11. Adolf von Harnack, History of Dogma, 4 vols., trans. Neil Buchanan (New York: Dover, 1961), 1:17.
  12. Adolf von Harnack, History of Dogma, 4 vols., trans. Neil Buchanan (New York: Dover, 1961), 1:3.
  13. Adolf von Harnack, History of Dogma, 4 vols., trans. Neil Buchanan (New York: Dover, 1961), 1:6n1.
  14. Adolf von Harnack, History of Dogma, 4 vols., trans. Neil Buchanan (New York: Dover, 1961), 1:21.
  15. Harnack, History of Dogma, 4:171.
  16. Donald Fairbairn, “Patristic Exegesis and Theology: The Cart and the Horse” Westminster Theological Journal 69 (2007): 1–19, especially 10–11.
  17. John McGuckin, Cyril of Alexandria and the Christological Controversy (Leiden: Brill, 1994), 37. Cassian’s analysis of Nestorius’s teaching is treated in Donald Fairbairn, Grace and Christology in the Early Church (Oxford: Oxford University Press, 2006), chapters 5 and 6.
  18. John McGuckin, Cyril of Alexandria and the Christological Controversy (Leiden: Brill, 1994), 42.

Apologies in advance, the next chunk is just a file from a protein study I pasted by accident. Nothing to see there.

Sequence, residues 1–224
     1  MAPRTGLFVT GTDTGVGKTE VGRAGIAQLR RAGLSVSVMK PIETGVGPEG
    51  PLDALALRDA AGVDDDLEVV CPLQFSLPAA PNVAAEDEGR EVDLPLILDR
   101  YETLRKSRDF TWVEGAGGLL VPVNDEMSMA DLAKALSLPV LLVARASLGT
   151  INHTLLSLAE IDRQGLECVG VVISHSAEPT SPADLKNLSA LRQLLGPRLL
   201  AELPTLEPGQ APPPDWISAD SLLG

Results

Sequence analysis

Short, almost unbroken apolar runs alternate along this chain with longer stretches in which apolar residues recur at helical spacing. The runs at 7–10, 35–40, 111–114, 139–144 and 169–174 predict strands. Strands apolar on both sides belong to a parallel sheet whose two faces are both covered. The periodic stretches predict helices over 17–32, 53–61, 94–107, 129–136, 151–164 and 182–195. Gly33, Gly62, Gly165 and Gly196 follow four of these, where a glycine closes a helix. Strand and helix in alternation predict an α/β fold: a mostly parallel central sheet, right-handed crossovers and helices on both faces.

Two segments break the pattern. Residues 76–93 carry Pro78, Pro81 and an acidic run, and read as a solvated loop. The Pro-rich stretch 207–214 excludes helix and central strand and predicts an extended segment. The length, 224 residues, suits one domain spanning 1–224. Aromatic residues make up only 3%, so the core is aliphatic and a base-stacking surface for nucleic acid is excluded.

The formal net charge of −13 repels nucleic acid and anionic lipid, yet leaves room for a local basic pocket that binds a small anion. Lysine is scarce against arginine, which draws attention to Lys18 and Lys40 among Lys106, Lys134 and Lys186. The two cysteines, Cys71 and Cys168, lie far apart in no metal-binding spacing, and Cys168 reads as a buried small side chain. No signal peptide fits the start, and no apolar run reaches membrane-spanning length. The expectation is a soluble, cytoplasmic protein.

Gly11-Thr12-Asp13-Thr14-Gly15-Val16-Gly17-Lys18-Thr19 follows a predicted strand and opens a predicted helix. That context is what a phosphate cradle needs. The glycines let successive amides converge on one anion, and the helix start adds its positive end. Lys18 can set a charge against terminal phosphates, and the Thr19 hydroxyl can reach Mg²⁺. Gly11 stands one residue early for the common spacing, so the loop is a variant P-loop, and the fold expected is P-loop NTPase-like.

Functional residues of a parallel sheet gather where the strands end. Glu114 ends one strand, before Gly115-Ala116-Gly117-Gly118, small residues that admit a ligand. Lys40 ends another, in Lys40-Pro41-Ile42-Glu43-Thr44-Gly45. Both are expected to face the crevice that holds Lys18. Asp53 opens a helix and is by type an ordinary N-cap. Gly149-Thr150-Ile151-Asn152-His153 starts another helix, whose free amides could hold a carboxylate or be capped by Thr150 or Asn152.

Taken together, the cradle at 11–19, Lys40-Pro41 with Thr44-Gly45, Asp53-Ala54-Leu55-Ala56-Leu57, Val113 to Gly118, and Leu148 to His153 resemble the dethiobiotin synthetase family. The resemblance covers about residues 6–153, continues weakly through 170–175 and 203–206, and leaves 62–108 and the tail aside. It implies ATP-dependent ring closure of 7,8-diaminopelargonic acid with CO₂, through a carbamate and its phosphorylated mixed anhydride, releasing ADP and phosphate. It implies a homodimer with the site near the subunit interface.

19. On the soteriological implications of Cyril’s christology, see Donald Fairbairn, Grace and Christology in the Early Church (Oxford: Oxford University Press, 2006), chapters 3 and 4.
  20. The conceptual opposition between politics and “Greek religious feeling” is particularly clear at Harnack, History of Dogma, 4:196.
  21. Harnack, History of Dogma, 4:180.
  22. Harnack, History of Dogma, 4:181.
  23. Harnack, History of Dogma, 4:181n2.
  24. Harnack, History of Dogma, 4:182.
  25. Harnack, History of Dogma, 4:189.
  26. Harnack, History of Dogma, 4:175.
  27. Harnack, History of Dogma, 4:186–190.